As if placing Mac Jones’ fate in the hands of the thoroughly uninspiring duo of Matt Patricia and Joe Judge wasn’t already a huge leap of faith, Bill Belichick has put his most important player in a precarious position that could lead to significant problems for the New England Patriots offense.
Of course, the greatest coach in NFL history obviously sees upside in entrusting Trent Brown and Isaiah Wynn to protect the team’s promising second-year quarterback, but that doesn’t change the fact that there’s a ton of risk with taking this route.
After all, even though both tackles possess intriguing skill sets, they also come with lengthy injury histories and inconsistent track records. Further complicating matters, however, is the reality that the Patriots are banking on Wynn to step in seamlessly at right tackle, a foreign position to the 2018 first-round pick.
Whether that’s a reflection of Brown’s ability to protect a quarterback’s blind side or more of an indictment on his teammate’s up-and-down play, it’s clear Belichick and his staff believe the team’s best option is to line the big-bodied veteran up at left tackle and have Wynn learn a new position in his fifth NFL season.
Talk about the ultimate high-risk, high-reward gamble.
Can Mac Jones and the Patriots count on injury-prone Trent Brown?
On the one hand, it makes sense for Brown to go back to the spot where he dominated when the Patriots captured their last Lombardi Trophy. During his first go-around in New England, the former San Francisco 49er provided excellent protection for Tom Brady while also opening holes in the running game. A healthy and motivated Brown showed precisely what he could do in 2018, and it’s clear the Patriots expect him to recapture that form in 2022.
However, leaving Jones’ health and safety in the hands of a slimmed-down version of the 6-foot-8 tackle also carries some risk. Although Brown has proven capable of shutting down edge rushers across his first seven years in the league, he’s also proven unreliable. Injuries have limited the 2015 seventh-rounder to a mere 72 games (69 starts), including just nine a year ago.
Following his bounce-back campaign in 2018, Brown signed a record-setting contract with the Las Vegas Raiders…and proceeded to play a total of 16 games between 2019-20.
Luckily for the Patriots, their projected starting left tackle worked tirelessly this offseason to get in optimal shape. Coming off another injury-shortened campaign that forced the team to dig deep down the depth chart, Brown looks fit and focused, and he also has plenty of motivation to play well if he wants to earn another big payday.
Still, it’s a stretch to say the Patriots should feel completely comfortable about their left tackle situation. If Brown, who’s only played a full season twice–suffers another injury, will Jones suffer the consequences? Nobody would describe him as a great athlete, so protection issues could cause the passing game to crumble.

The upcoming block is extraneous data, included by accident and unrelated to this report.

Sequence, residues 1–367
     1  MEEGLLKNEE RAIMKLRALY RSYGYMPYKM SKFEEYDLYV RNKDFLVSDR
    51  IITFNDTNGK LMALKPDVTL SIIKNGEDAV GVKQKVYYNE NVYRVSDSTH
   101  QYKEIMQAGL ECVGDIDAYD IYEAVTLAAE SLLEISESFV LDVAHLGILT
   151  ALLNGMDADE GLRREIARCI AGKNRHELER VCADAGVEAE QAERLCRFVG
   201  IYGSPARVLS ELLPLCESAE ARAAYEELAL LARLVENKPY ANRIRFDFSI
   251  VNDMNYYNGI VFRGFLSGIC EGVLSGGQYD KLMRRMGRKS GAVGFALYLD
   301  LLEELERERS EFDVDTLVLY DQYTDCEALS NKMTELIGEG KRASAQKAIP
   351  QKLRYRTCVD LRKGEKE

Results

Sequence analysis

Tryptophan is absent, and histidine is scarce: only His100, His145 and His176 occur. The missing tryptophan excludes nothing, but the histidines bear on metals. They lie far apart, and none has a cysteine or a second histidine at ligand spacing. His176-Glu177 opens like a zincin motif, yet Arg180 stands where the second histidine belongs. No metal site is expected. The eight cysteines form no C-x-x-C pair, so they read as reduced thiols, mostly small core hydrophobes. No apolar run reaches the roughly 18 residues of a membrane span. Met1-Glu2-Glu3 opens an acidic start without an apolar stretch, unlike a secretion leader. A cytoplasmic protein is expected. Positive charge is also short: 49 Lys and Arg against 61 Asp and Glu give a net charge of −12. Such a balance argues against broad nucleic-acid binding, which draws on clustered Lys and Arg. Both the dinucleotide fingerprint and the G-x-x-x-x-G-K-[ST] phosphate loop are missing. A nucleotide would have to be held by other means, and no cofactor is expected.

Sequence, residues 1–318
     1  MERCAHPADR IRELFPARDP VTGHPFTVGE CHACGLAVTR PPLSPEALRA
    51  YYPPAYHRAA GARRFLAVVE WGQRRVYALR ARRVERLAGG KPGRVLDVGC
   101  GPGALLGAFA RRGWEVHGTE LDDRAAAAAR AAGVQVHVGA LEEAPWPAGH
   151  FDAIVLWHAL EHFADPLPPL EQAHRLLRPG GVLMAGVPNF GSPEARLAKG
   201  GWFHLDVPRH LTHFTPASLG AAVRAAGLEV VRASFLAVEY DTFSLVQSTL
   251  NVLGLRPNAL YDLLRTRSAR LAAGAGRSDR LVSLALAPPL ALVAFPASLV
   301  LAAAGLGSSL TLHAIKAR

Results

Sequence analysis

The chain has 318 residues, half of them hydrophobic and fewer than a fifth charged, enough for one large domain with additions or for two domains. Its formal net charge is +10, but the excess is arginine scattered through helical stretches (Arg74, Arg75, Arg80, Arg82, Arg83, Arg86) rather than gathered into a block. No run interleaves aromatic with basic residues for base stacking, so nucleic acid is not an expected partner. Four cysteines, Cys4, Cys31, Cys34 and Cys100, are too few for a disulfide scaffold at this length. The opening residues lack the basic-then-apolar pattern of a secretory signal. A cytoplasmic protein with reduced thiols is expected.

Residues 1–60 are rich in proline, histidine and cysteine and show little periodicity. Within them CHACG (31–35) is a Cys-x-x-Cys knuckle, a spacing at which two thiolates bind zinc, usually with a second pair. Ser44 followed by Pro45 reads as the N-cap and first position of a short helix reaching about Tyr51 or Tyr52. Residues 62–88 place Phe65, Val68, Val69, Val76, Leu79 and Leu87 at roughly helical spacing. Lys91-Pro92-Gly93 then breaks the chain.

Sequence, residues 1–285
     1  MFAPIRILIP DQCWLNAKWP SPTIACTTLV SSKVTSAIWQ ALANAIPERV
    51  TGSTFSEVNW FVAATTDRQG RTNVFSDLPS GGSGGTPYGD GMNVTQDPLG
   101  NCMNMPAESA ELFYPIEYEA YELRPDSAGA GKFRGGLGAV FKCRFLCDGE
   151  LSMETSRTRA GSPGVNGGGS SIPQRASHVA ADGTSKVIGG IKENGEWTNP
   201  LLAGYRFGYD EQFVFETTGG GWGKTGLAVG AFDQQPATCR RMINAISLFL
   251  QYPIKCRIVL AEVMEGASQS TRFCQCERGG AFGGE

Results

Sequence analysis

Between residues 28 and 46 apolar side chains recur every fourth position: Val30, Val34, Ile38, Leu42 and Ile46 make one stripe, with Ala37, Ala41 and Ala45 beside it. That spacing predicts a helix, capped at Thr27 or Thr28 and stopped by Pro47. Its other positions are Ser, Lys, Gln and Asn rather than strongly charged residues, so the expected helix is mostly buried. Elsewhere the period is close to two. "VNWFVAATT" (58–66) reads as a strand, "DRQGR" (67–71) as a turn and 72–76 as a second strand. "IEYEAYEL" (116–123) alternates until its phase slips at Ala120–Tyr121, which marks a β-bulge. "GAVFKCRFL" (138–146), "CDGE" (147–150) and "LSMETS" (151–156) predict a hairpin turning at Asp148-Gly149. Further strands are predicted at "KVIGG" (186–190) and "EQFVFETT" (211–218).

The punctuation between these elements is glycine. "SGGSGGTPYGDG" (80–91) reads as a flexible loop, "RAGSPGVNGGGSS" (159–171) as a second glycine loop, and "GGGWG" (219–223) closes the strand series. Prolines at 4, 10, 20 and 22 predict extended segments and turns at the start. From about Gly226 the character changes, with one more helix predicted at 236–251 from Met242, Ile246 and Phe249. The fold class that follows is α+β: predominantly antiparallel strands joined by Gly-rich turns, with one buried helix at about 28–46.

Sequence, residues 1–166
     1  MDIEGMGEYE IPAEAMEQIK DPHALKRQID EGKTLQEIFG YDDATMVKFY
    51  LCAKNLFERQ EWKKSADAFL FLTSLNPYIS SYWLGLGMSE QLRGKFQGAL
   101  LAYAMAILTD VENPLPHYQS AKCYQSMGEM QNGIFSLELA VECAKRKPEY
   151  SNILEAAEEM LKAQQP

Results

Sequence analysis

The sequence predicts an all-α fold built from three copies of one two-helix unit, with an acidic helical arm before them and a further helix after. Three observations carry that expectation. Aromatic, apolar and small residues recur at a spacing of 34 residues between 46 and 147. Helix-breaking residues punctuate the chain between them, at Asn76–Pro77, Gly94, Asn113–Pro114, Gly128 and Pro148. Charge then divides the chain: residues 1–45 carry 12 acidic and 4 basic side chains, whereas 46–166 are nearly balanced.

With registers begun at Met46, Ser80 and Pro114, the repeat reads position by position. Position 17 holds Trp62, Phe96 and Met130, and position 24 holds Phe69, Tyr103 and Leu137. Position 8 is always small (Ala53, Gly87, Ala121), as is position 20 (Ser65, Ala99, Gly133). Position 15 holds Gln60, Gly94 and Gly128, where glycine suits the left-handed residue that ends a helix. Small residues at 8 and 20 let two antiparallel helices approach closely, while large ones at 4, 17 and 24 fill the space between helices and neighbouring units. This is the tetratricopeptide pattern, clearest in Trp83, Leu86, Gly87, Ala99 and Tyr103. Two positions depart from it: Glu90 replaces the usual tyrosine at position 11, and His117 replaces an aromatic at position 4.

How will Isaiah Wynn adjust to his new position with the Patriots?
Meanwhile, there’s even more risk with Wynn, who will be tasked with playing a new position in a contract year. A standout left tackle at the University of Georgia, the undersized lineman has also struggled to stay healthy at the pro level.
Despite showing flashes of Pro Bowl upside, Wynn simply hasn’t done enough to warrant an extension, and the fact he’s been shifted to right tackle certainly doesn’t speak well about his impact as a Day 1 selection.
Switching sides may sound simple, but don’t underestimate the challenge ahead. Not only will Wynn have to master the nuances of footwork and hand placement, but he also has to learn on the fly while playing next to Michael Onwenu, a third-year guard who has to prove he belongs in Foxborough for the long haul.
On the one hand, the experiment may work out brilliantly for Belichick and Co. A healthy, motivated tandem of Brown and Wynn gives the Patriots two athletic tackles who can theoretically keep Jones out of harm’s way. And with more zone-based runs seemingly in the playbook, Wynn’s movement skills could come in handy on the right side.
Yet it’s also entirely plausible that the setup could backfire badly.
What if Brown misses time? What if Wynn–who’s only appeared in 34 games across his first four NFL seasons–has another setback? Or, what if he struggles to acclimate to playing right tackle for the first time? Don’t overlook the fact that Matt Patricia is his position coach, and it’s not like the ex-Detroit Lions head coach has a well-documented history of working with offensive linemen.
Ultimately, Mac Jones better hope the coaching staff and his teammates do their jobs properly. Otherwise, anything short of that will make it much more difficult for him to do his.
Stats courtesy of Pro Football Reference